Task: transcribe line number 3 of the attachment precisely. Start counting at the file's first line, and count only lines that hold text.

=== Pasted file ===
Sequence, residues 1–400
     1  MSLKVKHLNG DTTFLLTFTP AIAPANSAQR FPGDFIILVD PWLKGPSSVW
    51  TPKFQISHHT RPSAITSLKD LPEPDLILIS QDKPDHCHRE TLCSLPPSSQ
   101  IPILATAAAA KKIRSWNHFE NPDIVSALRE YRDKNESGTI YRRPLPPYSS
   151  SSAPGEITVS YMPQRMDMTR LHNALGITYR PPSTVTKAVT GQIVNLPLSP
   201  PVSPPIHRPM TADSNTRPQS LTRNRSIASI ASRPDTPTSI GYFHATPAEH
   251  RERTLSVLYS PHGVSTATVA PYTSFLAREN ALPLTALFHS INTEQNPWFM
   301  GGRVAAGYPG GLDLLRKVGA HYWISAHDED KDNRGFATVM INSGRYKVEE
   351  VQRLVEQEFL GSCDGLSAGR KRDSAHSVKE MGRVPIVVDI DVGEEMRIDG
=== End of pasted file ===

    51  TPKFQISHHT RPSAITSLKD LPEPDLILIS QDKPDHCHRE TLCSLPPSSQ